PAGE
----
Comment: Don't blame your children's teachers for teenage kicks
A story this week has shone a light on something curious about modern Irish life.
The bare bones are as follows: it’s been reported that two boys from a Dublin fee-paying school allegedly paid for sex with prostitutes during an overseas trip. The students apparently left their accommodation without permission and went to a bar where they met the women. They may or may not (depending on the report), have brought the women back to their accommodation.
It has been reported that the school is considering disciplinary action against the teacher who was responsible for the welfare of the students.
I don’t know much more about this incident but I feel am safe in making a few assumptions.
One, the boys in question would have been at least 16 or 17 (the legal age of consent). I don’t think schools would bring anyone much younger on an overseas charity trip.
Two, the boys were of sound mind (in as much as a teenager can be) and thus capable of exercising free will in leaving their accommodation without permission.
Three, the teacher involved was probably distraught about the matter.
If the above assumptions are correct, why in heaven is the first response from practically everyone I know to sympathise entirely with the hapless students?
“Sure they’re only young lads,” one person said to me. “They’re clueless. They’d have no idea how to handle that sort of situation.”
“The school shouldn’t have taken them if they couldn’t keep tabs on them,” someone else remarked, tutting sympathetically.
This argument I take, up to a point. The school should have kept tabs on them, should have ensured their set-up was safe. And also, anyone with a mature brain and adult sensibility would have recognised the risks inherent in what the students did and probably concluded it would be A Very Bad Idea.
It’s true that teenagers – even those who attend fee-paying schools and are thus (rightly or wrongly) assumed to come from “good families” – have underdeveloped brains, and so some will take what most of us would regard as stupid risks. But they still have a choice.
Teen misbehaviour is obviously not new. Back in the dark ages, I remember being on a school weekend retreat as a 16-year-old and finding classmates swigging vodka behind their missals during the Sunday morning prayer service. When my all-girls Catholic school took us on a week-long school trip, half the bus was pole-axed by alcohol by the time we reached our destination.
None of that made any sense and yet it happened, and my clear understanding then and now was that the teachers who were in charge of us, even though they were on the bus as well, were pretty much powerless to prevent it (short of breathalysing the students).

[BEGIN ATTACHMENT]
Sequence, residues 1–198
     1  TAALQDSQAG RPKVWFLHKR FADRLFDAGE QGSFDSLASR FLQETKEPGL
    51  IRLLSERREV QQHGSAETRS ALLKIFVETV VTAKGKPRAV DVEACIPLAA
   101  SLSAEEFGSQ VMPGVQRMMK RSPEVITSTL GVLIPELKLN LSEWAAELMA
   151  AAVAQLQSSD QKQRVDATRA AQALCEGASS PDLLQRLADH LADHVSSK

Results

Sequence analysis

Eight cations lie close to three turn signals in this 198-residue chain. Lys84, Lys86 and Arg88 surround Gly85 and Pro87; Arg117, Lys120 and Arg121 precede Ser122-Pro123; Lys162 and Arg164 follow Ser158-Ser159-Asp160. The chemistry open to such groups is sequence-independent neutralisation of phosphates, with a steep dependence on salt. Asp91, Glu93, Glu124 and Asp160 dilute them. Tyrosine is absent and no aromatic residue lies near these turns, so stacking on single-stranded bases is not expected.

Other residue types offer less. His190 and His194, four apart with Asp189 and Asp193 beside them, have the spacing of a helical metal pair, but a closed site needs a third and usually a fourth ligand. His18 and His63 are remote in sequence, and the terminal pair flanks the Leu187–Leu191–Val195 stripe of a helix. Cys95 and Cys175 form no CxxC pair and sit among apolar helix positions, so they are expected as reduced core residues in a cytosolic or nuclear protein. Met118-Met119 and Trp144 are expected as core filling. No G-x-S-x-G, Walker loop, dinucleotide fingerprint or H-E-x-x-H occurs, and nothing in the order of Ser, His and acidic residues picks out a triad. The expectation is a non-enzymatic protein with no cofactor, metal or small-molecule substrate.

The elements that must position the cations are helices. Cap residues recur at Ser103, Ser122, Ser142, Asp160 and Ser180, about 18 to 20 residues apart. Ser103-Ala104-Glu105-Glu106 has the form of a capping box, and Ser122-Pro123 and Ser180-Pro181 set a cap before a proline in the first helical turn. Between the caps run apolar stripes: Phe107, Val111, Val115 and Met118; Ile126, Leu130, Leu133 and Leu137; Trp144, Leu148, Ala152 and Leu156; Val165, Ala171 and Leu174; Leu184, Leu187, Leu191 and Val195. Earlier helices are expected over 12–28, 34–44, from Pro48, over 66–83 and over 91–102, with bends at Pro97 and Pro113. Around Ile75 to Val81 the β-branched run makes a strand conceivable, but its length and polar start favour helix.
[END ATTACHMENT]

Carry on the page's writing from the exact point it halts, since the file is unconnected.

Teenagers are inventive. They can find a way to transgress, if transgression is on their minds. And, in my view, they need to carry at least some responsibility for that. I didn’t join the vodka swiggers, for instance, because I thought it was a pointless thing to do. Had they been rumbled, moreover, I knew there would have been big trouble, and none of it would have been directed to the school. We kids would have been regarded as old enough to have made their own decisions to drink or not while on retreat.
I wonder what it says about us these days that so many of us are comfortable with regarding our children – even those who are well into their teens – as helpless lambs at loose in a dangerous world?
Is it the inevitable fall-out of the helicopter parenting so many of us engage in? Is it a harbinger of worse to come. In a few years, will we be insisting (as some American parents do) on attending our offspring’s first job interview.
Are our expectations of our kids really this limited?
In this latest case – and once again I must confess I have no inside track – it’s probably safe to assume that the teacher had made clear to the teenagers on the trip that they were expected to follow the rules, and that those rules implicitly, if not explicitly, meant not engaging with prostitutes.
Short of padlocking the group inside their bedrooms or bursting in on them every 10 minutes – either approach would probably have gotten the teacher fired – is there much more anyone can do?
Every parenting manual I’ve ever read has emphasised the importance of teaching children the importance of personal responsibility, and of giving them the right amount of responsibility at the right age.
The idea is that this is what, eventually, helps them evolve into decent human beings.
So what, if that’s the case, will happen if we take all the responsibility away from them?
On this one, I am Team Teacher.